As we enter into yet another round of budget discussions, the Democratic Party is confronted with an opportunity -- and a challenge. There's an opportunity to shift the budget debate to an area where they hold the high ground. But it will be a challenge for some Democrats to take the initiative on a subject they seem reluctant to discuss.
The subject is taxes.
Tax increases are a subject people seem reluctant to mention in the nation's capital. Republicans have convinced everyone inside the Beltway that new tax revenues are politically impossible. The talk on the Hill is that the White House is urging Senate and House Dems to accept a cuts-only budget deal for the next go-round. It seems that the conventional wisdom says tax increases are best left unmentioned.
But the conventional wisdom is wrong.
New polling by Hart Research Associates, conducted for Americans for Tax Fairness, confirms and amplifies findings from earlier studies showing that Americans strongly support higher taxes for the wealthy and corporations. And when we say "strongly," we mean very strongly.
As that covert recording of Mitt Romney showed last year, some of the "1 percent" think other Americans aren't pulling their own weight in this economy. As this new polling confirms, the feeling's mutual. By a 17-point margin (56 percent to 39 percent), the American people want the next budget agreement to include new tax revenues from corporations and the wealthy.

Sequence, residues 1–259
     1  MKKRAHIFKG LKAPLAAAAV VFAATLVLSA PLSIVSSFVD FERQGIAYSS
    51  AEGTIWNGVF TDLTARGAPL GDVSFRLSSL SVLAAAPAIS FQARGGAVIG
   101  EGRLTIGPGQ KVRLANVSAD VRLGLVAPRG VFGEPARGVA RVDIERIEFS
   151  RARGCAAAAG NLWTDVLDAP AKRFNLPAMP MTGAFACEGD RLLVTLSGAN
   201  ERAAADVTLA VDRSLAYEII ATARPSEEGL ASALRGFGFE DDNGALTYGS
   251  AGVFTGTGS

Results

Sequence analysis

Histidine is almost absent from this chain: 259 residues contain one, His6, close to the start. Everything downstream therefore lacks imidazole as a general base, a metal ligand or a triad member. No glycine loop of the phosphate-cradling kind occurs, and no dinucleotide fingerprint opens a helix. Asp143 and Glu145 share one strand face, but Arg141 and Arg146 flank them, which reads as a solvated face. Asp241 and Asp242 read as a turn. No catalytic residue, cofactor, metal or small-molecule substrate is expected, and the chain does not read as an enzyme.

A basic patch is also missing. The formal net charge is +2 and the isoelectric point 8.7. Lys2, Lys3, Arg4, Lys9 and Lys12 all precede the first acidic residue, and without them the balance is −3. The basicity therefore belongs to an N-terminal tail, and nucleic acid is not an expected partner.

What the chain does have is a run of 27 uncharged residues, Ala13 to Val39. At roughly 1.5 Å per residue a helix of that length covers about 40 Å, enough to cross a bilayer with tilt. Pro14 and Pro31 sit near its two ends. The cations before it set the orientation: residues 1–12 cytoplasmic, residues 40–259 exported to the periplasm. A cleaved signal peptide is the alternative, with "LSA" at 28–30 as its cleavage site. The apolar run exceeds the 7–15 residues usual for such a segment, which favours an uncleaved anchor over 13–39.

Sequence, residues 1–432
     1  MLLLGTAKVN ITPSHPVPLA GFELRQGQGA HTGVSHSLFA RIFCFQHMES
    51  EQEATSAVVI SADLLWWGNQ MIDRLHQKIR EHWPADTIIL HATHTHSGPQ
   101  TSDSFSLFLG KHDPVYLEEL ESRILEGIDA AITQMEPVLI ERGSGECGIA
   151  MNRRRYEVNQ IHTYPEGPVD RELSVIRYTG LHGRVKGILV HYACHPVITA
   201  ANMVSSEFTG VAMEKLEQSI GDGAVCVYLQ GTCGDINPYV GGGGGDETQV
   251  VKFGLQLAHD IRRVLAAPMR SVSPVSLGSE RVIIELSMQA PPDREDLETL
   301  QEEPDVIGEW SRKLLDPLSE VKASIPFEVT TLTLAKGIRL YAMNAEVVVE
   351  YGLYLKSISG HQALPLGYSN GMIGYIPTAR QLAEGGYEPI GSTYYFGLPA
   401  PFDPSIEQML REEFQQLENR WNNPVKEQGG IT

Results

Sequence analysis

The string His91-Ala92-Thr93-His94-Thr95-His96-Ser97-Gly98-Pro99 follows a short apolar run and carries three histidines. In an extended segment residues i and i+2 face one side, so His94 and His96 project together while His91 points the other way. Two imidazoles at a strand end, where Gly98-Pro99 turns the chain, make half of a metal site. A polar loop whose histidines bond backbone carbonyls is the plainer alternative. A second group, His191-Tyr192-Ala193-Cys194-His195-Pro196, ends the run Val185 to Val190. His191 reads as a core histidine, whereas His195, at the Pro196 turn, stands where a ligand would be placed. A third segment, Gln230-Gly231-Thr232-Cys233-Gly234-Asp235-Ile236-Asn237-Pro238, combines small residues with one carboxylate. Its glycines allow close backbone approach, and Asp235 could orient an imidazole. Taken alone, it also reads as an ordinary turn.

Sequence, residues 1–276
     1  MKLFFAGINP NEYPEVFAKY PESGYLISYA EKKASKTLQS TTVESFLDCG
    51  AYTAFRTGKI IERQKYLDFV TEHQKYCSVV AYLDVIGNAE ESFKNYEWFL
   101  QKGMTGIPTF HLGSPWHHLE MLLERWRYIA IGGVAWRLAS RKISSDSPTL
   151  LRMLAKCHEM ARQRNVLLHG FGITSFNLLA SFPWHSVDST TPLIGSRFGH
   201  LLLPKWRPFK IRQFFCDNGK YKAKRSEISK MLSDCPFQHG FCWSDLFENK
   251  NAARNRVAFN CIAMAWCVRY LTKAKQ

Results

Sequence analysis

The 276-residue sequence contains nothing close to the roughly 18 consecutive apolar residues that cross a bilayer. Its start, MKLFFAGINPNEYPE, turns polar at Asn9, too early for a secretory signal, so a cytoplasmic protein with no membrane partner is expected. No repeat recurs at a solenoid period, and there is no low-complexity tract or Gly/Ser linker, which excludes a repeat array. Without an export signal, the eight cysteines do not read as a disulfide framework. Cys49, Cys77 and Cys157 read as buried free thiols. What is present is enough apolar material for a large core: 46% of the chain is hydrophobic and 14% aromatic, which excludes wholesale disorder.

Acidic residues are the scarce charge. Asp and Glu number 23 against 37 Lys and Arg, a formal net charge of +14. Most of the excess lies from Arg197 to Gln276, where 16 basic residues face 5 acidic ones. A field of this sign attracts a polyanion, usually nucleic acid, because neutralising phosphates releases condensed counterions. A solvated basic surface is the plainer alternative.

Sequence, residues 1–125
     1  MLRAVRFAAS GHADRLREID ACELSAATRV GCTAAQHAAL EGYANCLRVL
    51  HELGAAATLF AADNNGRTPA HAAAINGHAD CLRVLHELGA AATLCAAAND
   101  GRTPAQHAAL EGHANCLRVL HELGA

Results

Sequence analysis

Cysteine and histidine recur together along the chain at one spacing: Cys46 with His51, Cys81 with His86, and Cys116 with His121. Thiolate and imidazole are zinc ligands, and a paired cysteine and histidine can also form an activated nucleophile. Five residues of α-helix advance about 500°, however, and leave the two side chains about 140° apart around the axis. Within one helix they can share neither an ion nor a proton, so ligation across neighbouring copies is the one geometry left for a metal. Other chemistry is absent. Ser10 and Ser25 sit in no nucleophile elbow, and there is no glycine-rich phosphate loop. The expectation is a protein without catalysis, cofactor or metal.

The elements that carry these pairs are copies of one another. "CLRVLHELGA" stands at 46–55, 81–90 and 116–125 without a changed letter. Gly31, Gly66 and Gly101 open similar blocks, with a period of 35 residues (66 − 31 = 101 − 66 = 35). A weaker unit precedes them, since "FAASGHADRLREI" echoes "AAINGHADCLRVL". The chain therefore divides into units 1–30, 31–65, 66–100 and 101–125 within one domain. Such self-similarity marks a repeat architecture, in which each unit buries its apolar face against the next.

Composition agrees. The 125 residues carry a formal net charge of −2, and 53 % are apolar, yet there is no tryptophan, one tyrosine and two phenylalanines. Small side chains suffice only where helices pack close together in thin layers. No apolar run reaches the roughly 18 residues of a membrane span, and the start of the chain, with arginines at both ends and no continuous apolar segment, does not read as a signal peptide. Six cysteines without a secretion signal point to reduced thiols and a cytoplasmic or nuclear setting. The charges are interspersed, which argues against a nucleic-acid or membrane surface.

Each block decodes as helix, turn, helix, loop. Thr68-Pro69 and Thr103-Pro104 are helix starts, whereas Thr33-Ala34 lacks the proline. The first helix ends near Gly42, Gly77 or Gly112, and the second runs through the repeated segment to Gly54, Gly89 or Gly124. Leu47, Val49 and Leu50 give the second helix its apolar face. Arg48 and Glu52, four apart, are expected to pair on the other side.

And despite the conventional wisdom which suggests that "moderates" reject tax hikes, the Hart polling shows that moderates actually want these tax hikes -- by an overwhelming 42-point margin. Registered independents, often thought of as the Holy Grail of electioneering, back them by a 19-point margin.
The conclusion is inescapable: if Democrats make this budget battle a fight over who has the smartest spending cuts, they're fighting on the Republicans' turf. That will weaken them as they enter the 2014 campaigns. But if they make this a fight over taxes and jobs, that's a fight they can win.
How would this play out in the real-life Battle of the Budget? Before the backroom dealing takes place, there's always a period of public posturing. Every time the Republicans talk about spending, the Democrats need to bring up taxes. Every time the Republicans talk about cuts, the Democrats have to hit them with the same lines, over and over and over:
"Why are you protecting the rich?"
"Stop protecting offshoring corporations."
"If you really care about deficits, why keep all these tax breaks for corporations and the wealthy?"
When the talk turns to cutting "entitlements" -- Social Security, Medicare, and Medicaid -- Democrats will be on even firmer ground. When given a choice, 70 percent of Americans preferred offsetting the sequester cuts with tax increases for the wealthy and corporations. Only 12 percent thought they should be offset by reducing future Medicare and Social Security spending.
Many of the spending cuts being put forward by Republicans, along with some of those being proposed by the White House, are unpopular with voters. Of those polled, 85 percent opposed asking seniors pay more for Medicare; 83 percent opposed cuts to Medicaid coverage. And 67 percent -- more than two thirds of those polled -- opposed the "chained CPI" Social Security cut.
Democrats may be tempted to soften the blow for themselves by speaking of "entitlement cuts" rather than "cuts to Social Security, Medicare, and Medicaid." That's understandable, "entitlement cuts" don't provoke the same negative reaction that "cuts to Social Security, Medicare, and Medicaid" do. Well, forget it, Dems. In the 12 months remaining until the next election, they'll have plenty of time to figure out whether or not these programs were cut -- and who went along with it.